January 2016

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raininshadows: Sprite of a young woman with long blonde hair, wearing a pale blue dress, a white hat, and blue boots. (Default)
Saturday, January 2nd, 2016 03:45 pm

It’s been a remarkably productive year, writing-wise. Mostly Transformers, to probably absolutely nobody’s surprise, but some Pokemon and Homestuck. There’s a list of fics under the cut, and some of my thoughts about the fics. This contains references to all manner of warning-worthy things; it’s going under a cut, both because of that and because it’s long.

Read more... )
raininshadows: Sprite of a young woman with long blonde hair, wearing a pale blue dress, a white hat, and blue boots. (Default)
Monday, November 2nd, 2015 07:30 pm

I kind of suspect I'm going to look back on this in a year and laugh at how wrong it was, but hey.

Spoilers for all of season one. )
raininshadows: Sprite of a young woman with long blonde hair, wearing a pale blue dress, a white hat, and blue boots. (Default)
Monday, November 2nd, 2015 07:25 pm

If they’re near a sun at any point, they probably have some degree of tidal heating, which will definitely cause things to move around. I’d guess the Well/Primus’s spark/whatever’s at the core (I think there’s something down there in most continuities) is keeping the planet warm enough for life to exist, because in most continuities it doesn’t actually have a sun. Tectonic motion (earthquakes, mountains, canyons) is still possible, but probably not from the same source as Earth. Tidal and metal heating from passing suns or other heat sources can give it volcanoes (which can form mountains) and something like tectonic motion, but probably not tectonic motion in the usual sense.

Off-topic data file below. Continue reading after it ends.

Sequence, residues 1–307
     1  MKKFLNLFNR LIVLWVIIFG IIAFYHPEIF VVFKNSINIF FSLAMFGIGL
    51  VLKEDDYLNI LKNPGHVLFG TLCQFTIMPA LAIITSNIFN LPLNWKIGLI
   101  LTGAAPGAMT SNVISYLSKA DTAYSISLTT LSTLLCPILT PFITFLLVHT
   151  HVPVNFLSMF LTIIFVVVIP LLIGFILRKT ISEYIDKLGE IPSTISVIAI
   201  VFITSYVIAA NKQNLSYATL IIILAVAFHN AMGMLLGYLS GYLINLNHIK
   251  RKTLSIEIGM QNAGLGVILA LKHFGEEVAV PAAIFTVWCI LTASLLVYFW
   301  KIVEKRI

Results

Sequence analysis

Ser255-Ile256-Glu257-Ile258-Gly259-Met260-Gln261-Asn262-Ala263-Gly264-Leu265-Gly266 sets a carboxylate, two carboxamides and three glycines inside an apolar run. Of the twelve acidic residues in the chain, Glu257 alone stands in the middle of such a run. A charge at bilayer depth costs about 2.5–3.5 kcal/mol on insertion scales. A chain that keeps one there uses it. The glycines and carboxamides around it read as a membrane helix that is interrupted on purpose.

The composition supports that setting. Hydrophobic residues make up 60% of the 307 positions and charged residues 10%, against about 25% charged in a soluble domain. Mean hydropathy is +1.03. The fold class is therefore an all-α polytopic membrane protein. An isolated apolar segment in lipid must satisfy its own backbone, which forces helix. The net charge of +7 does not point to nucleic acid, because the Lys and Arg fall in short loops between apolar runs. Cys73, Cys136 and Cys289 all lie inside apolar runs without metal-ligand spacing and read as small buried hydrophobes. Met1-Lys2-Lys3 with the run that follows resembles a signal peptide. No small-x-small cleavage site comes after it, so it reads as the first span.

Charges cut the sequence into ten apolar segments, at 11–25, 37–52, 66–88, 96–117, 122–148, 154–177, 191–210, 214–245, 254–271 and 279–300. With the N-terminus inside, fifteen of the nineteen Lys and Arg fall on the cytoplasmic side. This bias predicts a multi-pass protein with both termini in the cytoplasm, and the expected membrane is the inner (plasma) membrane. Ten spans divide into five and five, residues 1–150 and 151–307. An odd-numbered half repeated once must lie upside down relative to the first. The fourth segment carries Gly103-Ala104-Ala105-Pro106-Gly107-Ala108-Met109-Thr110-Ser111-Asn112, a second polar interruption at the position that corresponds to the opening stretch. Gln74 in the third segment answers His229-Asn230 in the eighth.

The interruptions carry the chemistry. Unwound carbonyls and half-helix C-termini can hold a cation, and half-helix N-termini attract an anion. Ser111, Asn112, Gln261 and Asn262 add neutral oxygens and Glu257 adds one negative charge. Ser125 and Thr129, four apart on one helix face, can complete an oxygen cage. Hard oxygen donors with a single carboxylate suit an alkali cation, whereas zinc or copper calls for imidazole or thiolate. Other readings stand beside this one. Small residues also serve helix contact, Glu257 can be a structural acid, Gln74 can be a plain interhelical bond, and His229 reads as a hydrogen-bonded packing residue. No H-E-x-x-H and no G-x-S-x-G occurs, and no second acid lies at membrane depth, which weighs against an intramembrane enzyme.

Unfortunately, I don’t know enough about the internal workings of Cybertron to be able to tell exactly how it works geologically. From the usual depiction, with the visible mechanical innards, plate tectonics are probably possible, but they’d have to work very differently from how Earth’s do: instead of essentially floating on magma like pieces of paper float on water, they’d have to shift around on a set of mechanical levers, pulleys, and other such things. (This would probably make Cybertronian geology an extremely different field from Earth geology, because it implies that the motion is controlled by some entity.) Earthquakes would still happen when the plates caught against each other, like on Earth. This would also explain the giant gaps in Cybertron’s crust - the fragments of crust shift around, but there’s not enough to cover the whole planet.

Metal expanding and contracting with heat is similar to tidal heating. Cybertron would probably be divided into lots of (relatively) small plates that could expand to fill in gaps and create a fairly intact surface when the planet was warm, or contract to leave gaps between the plates and deep canyons when it was cold. (Alternately, it would have an intact surface all the time, until it got close to a star for the first time and created mountains from the plates running into each other. These would then turn into mountain ranges with giant canyons through them when Cybertron moved away from the star and cooled.) Earthquakes would actually still be possible in this, but they would be rare.